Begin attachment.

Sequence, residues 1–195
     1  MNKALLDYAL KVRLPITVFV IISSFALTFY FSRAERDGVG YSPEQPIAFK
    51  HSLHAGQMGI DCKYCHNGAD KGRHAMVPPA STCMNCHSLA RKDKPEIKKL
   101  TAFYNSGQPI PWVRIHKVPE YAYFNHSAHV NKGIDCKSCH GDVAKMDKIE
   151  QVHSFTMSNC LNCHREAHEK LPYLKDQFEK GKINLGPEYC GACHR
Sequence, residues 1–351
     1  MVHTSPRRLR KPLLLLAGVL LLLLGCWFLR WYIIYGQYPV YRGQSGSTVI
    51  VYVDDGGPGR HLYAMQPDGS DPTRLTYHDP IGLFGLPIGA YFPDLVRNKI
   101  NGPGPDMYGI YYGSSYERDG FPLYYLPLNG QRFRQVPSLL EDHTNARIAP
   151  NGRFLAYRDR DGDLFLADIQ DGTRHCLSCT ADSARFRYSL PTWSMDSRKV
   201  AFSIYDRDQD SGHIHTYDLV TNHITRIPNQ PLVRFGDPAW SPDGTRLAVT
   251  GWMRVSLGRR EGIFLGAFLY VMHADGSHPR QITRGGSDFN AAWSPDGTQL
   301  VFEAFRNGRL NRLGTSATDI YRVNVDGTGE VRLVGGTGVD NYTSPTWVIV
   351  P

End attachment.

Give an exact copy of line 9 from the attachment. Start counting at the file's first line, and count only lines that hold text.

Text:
   101  NGPGPDMYGI YYGSSYERDG FPLYYLPLNG QRFRQVPSLL EDHTNARIAP